General Motors has outlined the latest progress on its effort to become more environmentally-friendly, and so far, so good. Among the highlights is reduced energy use by 7 percent, and reduced carbon emissions by 5 percent since 2010. The automaker has also increased its landfill-free facilities to 105, reducing its total amount of waste by 8 percent since 2010.
Looking forward, General Motors plans to reduce its average U.S. fleet carbon dioxide emissions by 15 percent by 2016 and Opel/Vauxhall fleet CO2 emissions 27 percent by 2020. One of the ways to achieve this goal is for GM to double the amount of 40 mpg cars it has on the road by 2017.
Now, when the uneducated read that GM will be adding more 40 mpg cars to the streets, they automatically think that they will all be nothing but underpowered, unrefined tin cans. Geo Metros. But as we’ve seen with the Corvette’s impressive 30 mpg highway rating and 455 standard horsepower, it could very well mean the best of both worlds.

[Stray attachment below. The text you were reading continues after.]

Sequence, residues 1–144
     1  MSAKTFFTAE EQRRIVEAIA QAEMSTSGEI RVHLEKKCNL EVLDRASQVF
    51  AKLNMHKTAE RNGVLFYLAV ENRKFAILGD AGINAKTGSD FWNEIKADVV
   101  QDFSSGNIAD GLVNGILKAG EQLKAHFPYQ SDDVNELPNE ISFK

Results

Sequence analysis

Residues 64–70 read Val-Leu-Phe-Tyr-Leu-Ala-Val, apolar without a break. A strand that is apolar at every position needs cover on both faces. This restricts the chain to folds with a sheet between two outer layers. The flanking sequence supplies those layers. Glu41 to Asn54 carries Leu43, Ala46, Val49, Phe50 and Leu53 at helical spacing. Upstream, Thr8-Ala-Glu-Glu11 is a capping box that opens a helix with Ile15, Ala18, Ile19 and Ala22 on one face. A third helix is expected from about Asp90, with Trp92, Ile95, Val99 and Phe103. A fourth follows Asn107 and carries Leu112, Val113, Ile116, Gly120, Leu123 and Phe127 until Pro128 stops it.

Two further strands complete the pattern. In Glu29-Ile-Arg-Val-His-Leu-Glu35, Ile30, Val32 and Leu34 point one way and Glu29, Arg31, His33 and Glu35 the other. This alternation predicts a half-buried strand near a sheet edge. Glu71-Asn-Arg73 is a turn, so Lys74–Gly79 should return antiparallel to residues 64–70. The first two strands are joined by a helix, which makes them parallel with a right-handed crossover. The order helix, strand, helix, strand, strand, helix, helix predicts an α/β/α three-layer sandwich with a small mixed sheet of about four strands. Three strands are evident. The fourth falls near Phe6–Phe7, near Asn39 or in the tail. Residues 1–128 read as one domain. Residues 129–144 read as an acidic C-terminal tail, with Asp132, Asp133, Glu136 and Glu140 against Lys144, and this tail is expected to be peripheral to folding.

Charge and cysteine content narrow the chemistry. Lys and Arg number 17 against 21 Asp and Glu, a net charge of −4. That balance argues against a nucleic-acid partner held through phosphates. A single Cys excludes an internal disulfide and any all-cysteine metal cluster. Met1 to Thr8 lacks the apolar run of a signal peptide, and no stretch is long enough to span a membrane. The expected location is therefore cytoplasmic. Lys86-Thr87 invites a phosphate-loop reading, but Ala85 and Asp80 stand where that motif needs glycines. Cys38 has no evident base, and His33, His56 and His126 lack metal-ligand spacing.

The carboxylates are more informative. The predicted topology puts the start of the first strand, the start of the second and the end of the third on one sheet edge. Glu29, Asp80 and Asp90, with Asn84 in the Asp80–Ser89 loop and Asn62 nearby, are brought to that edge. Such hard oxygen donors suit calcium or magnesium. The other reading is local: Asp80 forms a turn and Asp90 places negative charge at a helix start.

In addition, GM has set a goal to get 500,000 vehicles with some form of electrification on U.S. roads by 2017. GM’s electrified vehicles today include the extended-range electric Chevrolet Volt, pure-electric Spark EV, as well as the Buick LaCrosse,Regal, Chevrolet Malibu and Impala with mild-hybrid eAssist technology.
What’s more, GM’s energy management helped reduce carbon intensity by 5.3 percent since 2010, making progress toward its 20 percent reduction commitment by 2020. In 2012, GM reduced 173,000 metric tons of CO2-equivalent emissions throughout its operations – equal to the carbon dioxide used by more than 4.4 million newly planted trees in the first decade of growth.
The company uses more than 60 megawatts of solar, landfill gas, and biomass energy at its facilities today, being nearly halfway to its goal of using 125 megawatts in renewable energy. GM also reduced the amount of energy required to build one vehicle by 7 percent and avoided $66 million in energy costs through conservation initiatives since 2010.
GM’s landfill-free program continues to grow around the world and produce bottom-line benefits, with an industry-leading 105 facilities that recycle, reuse, or convert to energy all waste from daily operations. By recycling and reusing 90 percent of its manufacturing waste worldwide, the company generates about $1 billion in revenue annually, having reduced total waste by 25 kilograms, or 55 pounds, per vehicle since 2010.